Two weeks after a New York Supreme Court judge denied in part a request from the PGA Tour for summary judgment in its ongoing legal battle with Vijay Singh, the Tour appealed that decision.
On May 12, judge Eileen Bransten partially denied the Tour’s request for summary judgment regarding Singh’s claims the circuit breached its implied covenant by suspending Singh for his use of deer-antler spray before consulting with the World Anti-Doping Agency (WADA), and that Tour officials made improper public statements regarding the Fijian’s suspension.
In its appeal, lawyers for the Tour argue that Bransten “erroneously held that there is a material fact dispute as to whether the Tour breached the implied covenant of good faith and fair dealing by failing to conduct an ‘appropriate investigation’ . . . when it did not ‘consult WADA and/or appreciate the information advanced by WADA concerning deer-antler spray prior to issuing its suspension.’
“No such implied obligation can exist as a matter of law and, in any event, Singh cannot establish that the Tour acted arbitrarily, irrationally or in bad faith.”
Tour lawyers also argue that, “Singh cannot establish that the Tour’s [public] statements were made arbitrarily, irrationally or in bad faith.”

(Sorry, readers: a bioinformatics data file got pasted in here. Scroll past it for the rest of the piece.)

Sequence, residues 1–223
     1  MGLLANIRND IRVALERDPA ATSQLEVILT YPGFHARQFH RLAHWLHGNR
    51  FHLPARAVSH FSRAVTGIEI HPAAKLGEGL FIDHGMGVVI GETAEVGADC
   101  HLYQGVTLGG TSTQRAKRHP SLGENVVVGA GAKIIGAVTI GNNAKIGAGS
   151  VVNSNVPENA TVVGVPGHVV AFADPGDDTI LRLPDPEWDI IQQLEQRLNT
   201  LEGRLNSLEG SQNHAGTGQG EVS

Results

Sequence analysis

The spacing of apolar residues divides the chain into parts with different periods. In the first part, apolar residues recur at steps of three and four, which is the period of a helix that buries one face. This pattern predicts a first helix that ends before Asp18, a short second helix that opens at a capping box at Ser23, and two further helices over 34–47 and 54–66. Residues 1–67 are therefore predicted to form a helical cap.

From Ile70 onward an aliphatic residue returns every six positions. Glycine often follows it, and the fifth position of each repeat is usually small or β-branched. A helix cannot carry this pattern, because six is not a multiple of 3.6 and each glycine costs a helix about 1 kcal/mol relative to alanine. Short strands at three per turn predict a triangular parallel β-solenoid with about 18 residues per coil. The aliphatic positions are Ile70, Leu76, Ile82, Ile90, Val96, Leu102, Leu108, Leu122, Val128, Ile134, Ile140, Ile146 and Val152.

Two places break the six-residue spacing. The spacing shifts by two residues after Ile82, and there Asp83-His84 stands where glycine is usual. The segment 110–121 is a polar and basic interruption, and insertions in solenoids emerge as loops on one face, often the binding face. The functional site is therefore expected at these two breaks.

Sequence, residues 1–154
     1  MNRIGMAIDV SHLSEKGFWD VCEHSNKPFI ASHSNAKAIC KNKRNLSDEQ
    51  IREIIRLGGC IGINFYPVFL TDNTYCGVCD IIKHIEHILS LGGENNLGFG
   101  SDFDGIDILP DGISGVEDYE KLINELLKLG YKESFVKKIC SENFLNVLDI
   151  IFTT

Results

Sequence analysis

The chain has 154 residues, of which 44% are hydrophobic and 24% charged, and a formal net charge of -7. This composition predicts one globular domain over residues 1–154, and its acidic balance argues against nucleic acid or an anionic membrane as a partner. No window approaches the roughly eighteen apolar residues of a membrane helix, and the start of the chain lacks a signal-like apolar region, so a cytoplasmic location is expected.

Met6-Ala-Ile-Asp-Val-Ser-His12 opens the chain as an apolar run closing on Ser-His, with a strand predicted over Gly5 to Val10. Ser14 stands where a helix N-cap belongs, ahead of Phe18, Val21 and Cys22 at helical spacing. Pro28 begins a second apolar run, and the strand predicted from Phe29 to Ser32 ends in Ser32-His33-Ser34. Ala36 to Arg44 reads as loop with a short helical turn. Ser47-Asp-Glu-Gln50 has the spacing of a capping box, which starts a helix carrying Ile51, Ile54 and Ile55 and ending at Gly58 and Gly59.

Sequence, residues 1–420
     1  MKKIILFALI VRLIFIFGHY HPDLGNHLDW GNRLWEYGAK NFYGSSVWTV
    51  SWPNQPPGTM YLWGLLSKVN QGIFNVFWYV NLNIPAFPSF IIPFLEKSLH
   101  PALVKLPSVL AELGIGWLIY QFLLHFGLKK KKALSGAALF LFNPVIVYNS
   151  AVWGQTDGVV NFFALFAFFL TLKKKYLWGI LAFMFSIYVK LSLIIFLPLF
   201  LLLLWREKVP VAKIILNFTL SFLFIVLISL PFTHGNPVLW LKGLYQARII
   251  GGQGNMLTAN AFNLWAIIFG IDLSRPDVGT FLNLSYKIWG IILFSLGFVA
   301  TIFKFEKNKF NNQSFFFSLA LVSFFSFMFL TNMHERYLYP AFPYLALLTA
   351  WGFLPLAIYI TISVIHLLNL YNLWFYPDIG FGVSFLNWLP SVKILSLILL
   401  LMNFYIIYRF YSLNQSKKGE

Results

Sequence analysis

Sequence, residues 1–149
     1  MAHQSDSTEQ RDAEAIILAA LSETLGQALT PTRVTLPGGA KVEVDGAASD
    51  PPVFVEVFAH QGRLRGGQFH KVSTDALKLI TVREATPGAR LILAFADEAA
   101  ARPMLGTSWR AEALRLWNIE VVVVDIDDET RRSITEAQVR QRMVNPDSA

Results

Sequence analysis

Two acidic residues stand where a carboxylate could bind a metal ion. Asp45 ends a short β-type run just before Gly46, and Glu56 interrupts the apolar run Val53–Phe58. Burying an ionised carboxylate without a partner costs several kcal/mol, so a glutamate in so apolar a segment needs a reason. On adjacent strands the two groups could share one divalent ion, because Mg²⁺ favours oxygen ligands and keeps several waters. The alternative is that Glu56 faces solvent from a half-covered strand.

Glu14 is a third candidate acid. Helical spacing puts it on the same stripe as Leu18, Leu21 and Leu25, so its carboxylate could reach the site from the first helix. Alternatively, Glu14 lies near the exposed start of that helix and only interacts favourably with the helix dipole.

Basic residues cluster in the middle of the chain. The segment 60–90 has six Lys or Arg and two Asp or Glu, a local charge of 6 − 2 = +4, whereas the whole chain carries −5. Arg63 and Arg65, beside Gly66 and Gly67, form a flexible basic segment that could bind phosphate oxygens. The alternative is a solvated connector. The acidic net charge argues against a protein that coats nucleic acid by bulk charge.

Singh’s attorney Peter Ginsberg countered with a letter to Bransten late Friday requesting a conference to set a trail date.
“We respectfully believe, both because the Tour’s appeal has little chance of success and because this lawsuit has been pending for so long, that the matter should not be sidetracked by the Tour’s action today,” Ginsberg wrote.
Singh admitted to using deer-antler spray, which contained the banned substance IGF-1, in a 2013 Sports Illustrated article and he was initially suspended for violating the circuit’s performance-enhancing drug policy. It wasn’t until after his suspension was announced that the Tour consulted with WADA, which had previously ruled the use of deer-antler spray was not a violation if there had been no failed drug test.
The Tour does not comment on ongoing litigation.